اهمیت نسبی خودخواهی و انگیزه های سرمایه اجتماعی
|کد مقاله||سال انتشار||مقاله انگلیسی||ترجمه فارسی||تعداد کلمات|
|4276||2012||10 صفحه PDF||سفارش دهید||7779 کلمه|
Publisher : Elsevier - Science Direct (الزویر - ساینس دایرکت)
Journal : The Journal of Socio-Economics, Volume 41, Issue 1, January 2012, Pages 118–127
This study measures the relative importance of selfishness and social capital motives using resource allocation data collected in hypothetical surveys and non-hypothetical experiments. Social capital motives allow an agent's well-being to be influenced by his sympathetic relationships with others. The assumption that selfishness can explain nearly all resource allocations is rejected.
The purpose of this study is to compare the relative importance of selfishness and social capital motives. The selfishness motive assumes that an agent's allocation of a scarce resource is independent of his relationships with others. In contrast, social capital motives assume that an agent's allocation of a scarce resource may be influenced by his sympathetic relationships with others. The relative importance of motives on resource allocations is important because the standard neoclassical utility (SNU) model assumes agents’ motives are selfish. If it can be demonstrated that relationships have an important influence on resource allocations, then the SNU model can be improved by extending it to account for social capital motives. To begin, this paper briefly restates the support for the selfishness motive. Then we review the support for social capital motives that depend on agents’ sympathetic relationships with others. A framework that allowed us to measure the relative importance of motives is developed by introducing social capital coefficients into the SNU model. The resulting model is then estimated using data collected in both hypothetical surveys and non-hypothetical experiments. To measure the relative importance of selfishness and social capital motives, an early effort asked respondents about their allocation of a scarce resource when their choices could alter the well-being of others in a hypothetical prisoner of war setting (Robison, 1996). This paper adds to that earlier effort by asking hypothetical questions about resource allocations in more general settings and by conducting non-hypothetical experiments in which respondents allocate actual dollars. After reporting the results of these experiments and additional surveys, this paper concludes with a discussion of the need to more fully integrate social capital considerations into resources allocation related research.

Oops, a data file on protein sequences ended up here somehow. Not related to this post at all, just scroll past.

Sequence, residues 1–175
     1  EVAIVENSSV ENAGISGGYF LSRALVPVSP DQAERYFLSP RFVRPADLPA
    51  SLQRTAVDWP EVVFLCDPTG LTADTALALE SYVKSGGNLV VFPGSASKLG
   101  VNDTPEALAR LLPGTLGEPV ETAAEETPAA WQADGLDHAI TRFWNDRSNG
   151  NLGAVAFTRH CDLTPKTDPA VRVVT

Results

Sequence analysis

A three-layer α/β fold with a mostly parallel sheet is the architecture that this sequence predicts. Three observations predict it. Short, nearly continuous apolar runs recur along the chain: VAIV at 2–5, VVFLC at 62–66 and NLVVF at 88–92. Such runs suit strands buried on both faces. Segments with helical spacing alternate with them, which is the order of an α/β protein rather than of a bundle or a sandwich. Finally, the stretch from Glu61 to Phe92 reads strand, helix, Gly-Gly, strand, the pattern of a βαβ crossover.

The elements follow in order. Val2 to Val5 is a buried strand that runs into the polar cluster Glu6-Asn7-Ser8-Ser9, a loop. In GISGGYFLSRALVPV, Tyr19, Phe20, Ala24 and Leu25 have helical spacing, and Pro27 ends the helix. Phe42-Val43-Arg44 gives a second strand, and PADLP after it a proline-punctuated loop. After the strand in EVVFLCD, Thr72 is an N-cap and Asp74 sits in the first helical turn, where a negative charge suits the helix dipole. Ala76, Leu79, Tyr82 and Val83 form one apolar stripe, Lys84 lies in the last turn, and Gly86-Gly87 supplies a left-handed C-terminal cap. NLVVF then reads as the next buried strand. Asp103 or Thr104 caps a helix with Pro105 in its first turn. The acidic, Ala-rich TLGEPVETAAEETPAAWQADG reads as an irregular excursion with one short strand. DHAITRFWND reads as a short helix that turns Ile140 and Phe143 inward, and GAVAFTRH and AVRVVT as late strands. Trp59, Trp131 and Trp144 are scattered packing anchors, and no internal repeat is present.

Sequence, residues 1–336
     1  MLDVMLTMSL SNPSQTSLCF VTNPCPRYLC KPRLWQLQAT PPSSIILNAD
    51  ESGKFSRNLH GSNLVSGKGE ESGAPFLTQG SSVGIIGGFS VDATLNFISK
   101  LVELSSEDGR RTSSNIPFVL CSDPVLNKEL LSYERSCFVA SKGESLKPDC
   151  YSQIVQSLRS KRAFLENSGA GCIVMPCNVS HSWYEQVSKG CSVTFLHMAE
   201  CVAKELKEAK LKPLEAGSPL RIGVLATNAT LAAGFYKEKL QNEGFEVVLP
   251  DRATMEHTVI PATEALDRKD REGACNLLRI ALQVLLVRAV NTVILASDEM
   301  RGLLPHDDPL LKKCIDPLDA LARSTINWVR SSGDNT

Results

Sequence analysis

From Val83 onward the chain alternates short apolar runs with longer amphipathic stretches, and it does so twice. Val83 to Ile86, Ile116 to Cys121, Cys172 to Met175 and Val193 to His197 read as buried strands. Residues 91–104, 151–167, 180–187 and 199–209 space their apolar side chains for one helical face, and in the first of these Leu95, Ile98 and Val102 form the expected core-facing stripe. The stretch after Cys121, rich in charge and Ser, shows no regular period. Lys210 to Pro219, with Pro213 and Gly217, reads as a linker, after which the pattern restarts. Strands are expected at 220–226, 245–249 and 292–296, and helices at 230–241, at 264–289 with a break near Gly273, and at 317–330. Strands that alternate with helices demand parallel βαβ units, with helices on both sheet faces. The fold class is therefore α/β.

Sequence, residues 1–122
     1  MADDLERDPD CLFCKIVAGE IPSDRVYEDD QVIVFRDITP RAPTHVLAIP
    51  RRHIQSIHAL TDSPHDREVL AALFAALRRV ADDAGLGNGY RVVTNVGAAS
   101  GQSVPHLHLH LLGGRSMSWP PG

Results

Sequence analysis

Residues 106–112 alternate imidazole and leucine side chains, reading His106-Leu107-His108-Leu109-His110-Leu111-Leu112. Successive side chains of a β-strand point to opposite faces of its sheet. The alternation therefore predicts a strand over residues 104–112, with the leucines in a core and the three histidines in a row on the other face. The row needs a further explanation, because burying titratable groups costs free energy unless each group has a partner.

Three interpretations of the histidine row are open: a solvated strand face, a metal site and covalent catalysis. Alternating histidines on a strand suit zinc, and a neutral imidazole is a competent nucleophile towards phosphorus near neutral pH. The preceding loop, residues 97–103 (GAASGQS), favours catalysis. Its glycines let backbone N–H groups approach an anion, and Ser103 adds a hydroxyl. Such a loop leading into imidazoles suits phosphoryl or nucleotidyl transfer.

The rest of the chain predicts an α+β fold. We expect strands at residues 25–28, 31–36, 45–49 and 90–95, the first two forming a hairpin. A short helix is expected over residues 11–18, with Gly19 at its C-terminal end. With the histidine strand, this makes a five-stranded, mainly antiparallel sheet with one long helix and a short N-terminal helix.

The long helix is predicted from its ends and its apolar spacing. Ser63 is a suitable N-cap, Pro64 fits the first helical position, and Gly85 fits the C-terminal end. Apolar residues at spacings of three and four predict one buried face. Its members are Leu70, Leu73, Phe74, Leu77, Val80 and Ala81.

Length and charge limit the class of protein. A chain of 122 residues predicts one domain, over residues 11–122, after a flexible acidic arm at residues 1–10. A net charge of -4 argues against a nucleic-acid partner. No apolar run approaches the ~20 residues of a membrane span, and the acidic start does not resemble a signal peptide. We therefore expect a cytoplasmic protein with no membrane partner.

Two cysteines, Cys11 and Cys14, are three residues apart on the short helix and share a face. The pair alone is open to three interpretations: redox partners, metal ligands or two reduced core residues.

نتیجه گیری انگلیسی
This study reports on efforts designed to measure the relative importance of selfishness and social capital motives. To measure the relative importance of motives, the SNU model was extended by introducing relationships into the model using social capital coefficients. The resulting model generated several hypotheses describing how social capital influenced agents’ resource allocations. Data obtained from hypothetical surveys and non-hypothetical experiments provide support for the hypothesis that relationships alter resource allocation decision. The assumption that the selfishness motive can explain nearly all (95%) of an agent's resource allocation was rejected in all of the tests. The implications of the results of this study are significant. The assumption of selfishness that underlies many applications of the SNU model may be unsupported. Moreover, studies of externalities and investment in public goods that have assumed agents are mostly selfish ignore the possibility that social capital motives may on their own provide incentives to cooperate and care for the commons without outside threats (Ostrom and Ahn, 2003). Recognizing the importance of social capital in allocating resources may help in explaining economic behavior and lead to more enlightened policy decisions.